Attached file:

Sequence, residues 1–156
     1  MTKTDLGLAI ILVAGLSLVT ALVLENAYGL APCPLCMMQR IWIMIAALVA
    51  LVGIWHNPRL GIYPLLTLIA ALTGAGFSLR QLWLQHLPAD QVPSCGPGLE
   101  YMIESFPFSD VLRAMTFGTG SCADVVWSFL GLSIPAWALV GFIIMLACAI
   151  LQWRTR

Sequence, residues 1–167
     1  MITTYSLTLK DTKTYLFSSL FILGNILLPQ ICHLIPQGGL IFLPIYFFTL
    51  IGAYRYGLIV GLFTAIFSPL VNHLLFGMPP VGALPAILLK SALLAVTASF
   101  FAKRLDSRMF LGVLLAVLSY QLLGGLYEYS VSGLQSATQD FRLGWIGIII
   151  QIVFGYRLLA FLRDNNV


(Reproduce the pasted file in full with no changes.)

Sequence, residues 1–156
     1  MTKTDLGLAI ILVAGLSLVT ALVLENAYGL APCPLCMMQR IWIMIAALVA
    51  LVGIWHNPRL GIYPLLTLIA ALTGAGFSLR QLWLQHLPAD QVPSCGPGLE
   101  YMIESFPFSD VLRAMTFGTG SCADVVWSFL GLSIPAWALV GFIIMLACAI
   151  LQWRTR

Sequence, residues 1–167
     1  MITTYSLTLK DTKTYLFSSL FILGNILLPQ ICHLIPQGGL IFLPIYFFTL
    51  IGAYRYGLIV GLFTAIFSPL VNHLLFGMPP VGALPAILLK SALLAVTASF
   101  FAKRLDSRMF LGVLLAVLSY QLLGGLYEYS VSGLQSATQD FRLGWIGIII
   151  QIVFGYRLLA FLRDNNV